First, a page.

Delve deeper into the barriers that relate to workload or other internal obstacles. These are a clear indication that the employee requires assistance. As a manager, it is your responsibility to help remove these barriers through training, intervention with other departments, or a re-evaluation of priorities based on the needs of your group. If issues are personal in nature, there is little you can do to alleviate the situation. Instead, you should offer empathy while establishing new ground rules for the employee in dealing with this issue. And depending on the situation being addressed, additional follow-up may be necessary.
Tactics for Motivating Change
During the most trying times, it can be difficult to remember that every employee has good intentions, despite appearances to the contrary. Bad behavior can result from a simple misunderstanding. This is where communication and motivation become key components in resolving acute and chronic issues.
- Management by walking around (MBWA) is recognized as the single most effective management tool for assessing day-to-day progress, engaging employees, and promoting direct feedback between teams. Regularly practice this tactic to improve your interaction with employees.
- Convey a positive attitude and project a confident disposition. Teams respond in kind when they see evidence of belonging to a winning team. Celebrate successes by openly acknowledging great performances.
- Communicate high expectations and reinforce ideals through example. Expect high performance, referring to your team as “professionals,” “highly motivated,” “creative,” and “best-in-class.” This inspires motivation to meet those ideals. Caution yourself against negative illustrations.
- Express an open-door policy and mean it! When employees approach you with an idea or problem, stop what you are doing and practice active listening. Encourage a probing dialog that prompts employees to resolve issues themselves. At times, you may be nothing more than a sounding board, but the act itself conveys importance and worth to your employees.
- Engage teams outside of normal work environments for strategy sessions and collaboration meetings. Promote an atmosphere that is free from the obstacles and status barriers typically associated with employee position/rank. Encourage open participation and discussion from everyone.
- Charge the worst offender with responsibility for committing others to tasks. Sometimes, allowing the fox to guard the hen house can help reverse negative behaviors.
- Eliminate the belief that individuals have nothing to lose in failing to act. Clearly outline consequences on a personal level that may result from their inaction.
- Don’t assume that an email sent is an email read, or read with comprehension. According to a five-year study conducted by IBT-USA, a business training group, the average employee spends almost 8.8 hours per week handling email.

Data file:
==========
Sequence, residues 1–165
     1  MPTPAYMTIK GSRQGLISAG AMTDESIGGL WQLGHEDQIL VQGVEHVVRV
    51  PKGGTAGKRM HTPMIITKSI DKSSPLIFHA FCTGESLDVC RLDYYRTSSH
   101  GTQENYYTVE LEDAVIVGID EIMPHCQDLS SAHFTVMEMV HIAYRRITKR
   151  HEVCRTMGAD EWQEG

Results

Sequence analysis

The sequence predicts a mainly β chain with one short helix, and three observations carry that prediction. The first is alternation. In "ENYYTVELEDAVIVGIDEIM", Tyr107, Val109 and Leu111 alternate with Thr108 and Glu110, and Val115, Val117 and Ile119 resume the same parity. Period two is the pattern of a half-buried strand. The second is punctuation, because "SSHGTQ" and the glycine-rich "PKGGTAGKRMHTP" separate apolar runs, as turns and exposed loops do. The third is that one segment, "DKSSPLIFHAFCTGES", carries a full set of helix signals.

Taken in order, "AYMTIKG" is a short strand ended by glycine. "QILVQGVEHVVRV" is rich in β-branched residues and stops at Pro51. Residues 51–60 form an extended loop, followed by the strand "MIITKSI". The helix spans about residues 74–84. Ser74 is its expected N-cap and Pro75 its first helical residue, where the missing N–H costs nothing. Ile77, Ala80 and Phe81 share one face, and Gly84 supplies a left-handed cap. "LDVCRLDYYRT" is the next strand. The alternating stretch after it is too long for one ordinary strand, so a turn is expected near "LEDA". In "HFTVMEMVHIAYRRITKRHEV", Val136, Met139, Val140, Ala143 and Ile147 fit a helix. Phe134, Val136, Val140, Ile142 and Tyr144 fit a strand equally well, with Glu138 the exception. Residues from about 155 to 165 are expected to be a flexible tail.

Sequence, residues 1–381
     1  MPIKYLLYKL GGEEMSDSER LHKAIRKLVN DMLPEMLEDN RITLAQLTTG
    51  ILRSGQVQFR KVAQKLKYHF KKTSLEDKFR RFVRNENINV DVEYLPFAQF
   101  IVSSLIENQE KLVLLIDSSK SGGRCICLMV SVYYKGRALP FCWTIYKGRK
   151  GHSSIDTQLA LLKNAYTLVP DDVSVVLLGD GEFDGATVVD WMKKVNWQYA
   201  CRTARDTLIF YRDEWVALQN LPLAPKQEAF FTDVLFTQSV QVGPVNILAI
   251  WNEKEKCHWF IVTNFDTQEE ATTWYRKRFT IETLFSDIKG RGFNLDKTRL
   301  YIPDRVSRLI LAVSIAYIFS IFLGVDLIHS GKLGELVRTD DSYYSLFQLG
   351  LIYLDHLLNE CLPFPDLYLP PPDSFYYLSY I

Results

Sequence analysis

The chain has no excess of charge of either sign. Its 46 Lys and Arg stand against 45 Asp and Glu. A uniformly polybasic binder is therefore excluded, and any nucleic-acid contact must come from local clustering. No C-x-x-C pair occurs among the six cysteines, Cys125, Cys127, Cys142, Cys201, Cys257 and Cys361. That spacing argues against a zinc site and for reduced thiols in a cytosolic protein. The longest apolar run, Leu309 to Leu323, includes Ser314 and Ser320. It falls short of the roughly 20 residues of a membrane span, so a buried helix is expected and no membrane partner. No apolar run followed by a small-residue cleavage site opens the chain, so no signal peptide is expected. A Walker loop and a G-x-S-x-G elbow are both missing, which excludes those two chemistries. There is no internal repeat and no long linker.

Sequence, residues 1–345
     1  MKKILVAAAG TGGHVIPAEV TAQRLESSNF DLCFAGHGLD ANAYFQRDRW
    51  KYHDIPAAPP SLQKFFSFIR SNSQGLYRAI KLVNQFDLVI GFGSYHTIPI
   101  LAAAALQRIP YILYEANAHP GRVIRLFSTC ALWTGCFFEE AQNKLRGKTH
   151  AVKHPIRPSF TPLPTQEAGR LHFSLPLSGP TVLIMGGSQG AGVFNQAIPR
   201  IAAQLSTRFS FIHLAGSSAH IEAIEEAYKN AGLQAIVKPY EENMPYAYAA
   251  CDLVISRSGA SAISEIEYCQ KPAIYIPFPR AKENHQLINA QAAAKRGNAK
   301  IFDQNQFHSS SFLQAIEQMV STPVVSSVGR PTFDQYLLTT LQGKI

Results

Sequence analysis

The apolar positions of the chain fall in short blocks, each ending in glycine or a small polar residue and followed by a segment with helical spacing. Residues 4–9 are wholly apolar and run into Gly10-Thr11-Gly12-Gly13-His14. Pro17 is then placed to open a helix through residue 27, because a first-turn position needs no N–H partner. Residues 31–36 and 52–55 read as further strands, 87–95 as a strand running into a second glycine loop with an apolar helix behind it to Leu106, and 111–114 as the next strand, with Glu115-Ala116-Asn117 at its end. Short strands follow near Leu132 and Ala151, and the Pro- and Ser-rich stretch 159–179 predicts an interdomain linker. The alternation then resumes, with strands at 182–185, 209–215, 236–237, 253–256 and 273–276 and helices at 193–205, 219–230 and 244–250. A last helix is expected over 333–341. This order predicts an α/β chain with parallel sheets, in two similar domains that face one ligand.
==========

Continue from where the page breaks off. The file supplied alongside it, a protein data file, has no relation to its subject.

Finally, take a careful look in the mirror if you find that behaviors around you have suddenly changed for an unknown reason. Doctor David Lieberman, author of “How to Change Anybody,” offers the following advice: “Your conduct has a greater influence over other people than you might imagine. Act responsibly yourself, and watch those around you fall in line.” Has anything changed in your conduct or performance that might be contributing to the recent discord in your office? Are you leading by example or exception? Check yourself for a winning attitude and positive speech. Human failures in poise or moral issues can have a widespread effect on subordinates, yet admitting to those mistakes can help you greatly improve relations with your team.
The complexity of current business environments and a dizzying array of electronic communication tools help create opportunities for conflict on a daily basis. Simple misunderstandings can quickly escalate into definite battles. Still, the easiest and most often overlooked solution is old fashioned face-to-face communication. Employ this tactic whenever possible and substitute it with a phone call only when a face-to-face meeting is not possible. The results are immediate and produce measurable benefits with repeated use.
How to Change Anybody , David J. Lieberman, PHD.
Team Management: Practical New Approaches , Charles Margerison and Dick McCann
The Power of Servant Leadership , Robert k. Greenleaf
Kerri Harris is an Interactive Communications Specialist and key member of the Public Relations department at NCR Corporation in Dayton, Ohio. In that role, she is responsible for delivering corporate communications across various electronic and digital media, project management, and customer service. Kerri also coordinates and conducts training programs to improve client services, conflict resolution, and process-improvement techniques. Kerri has completed studies in Phi Theta Kappa’s Leadership Development with Ohio Senator Tom Roberts, and has served as Communication Chair of the Professional Resource Council. Kerri currently serves as Chair for NCR’s Intranet Council and is a volunteer instructor with Junior Achievement, an outreach project educating students in business fundamentals.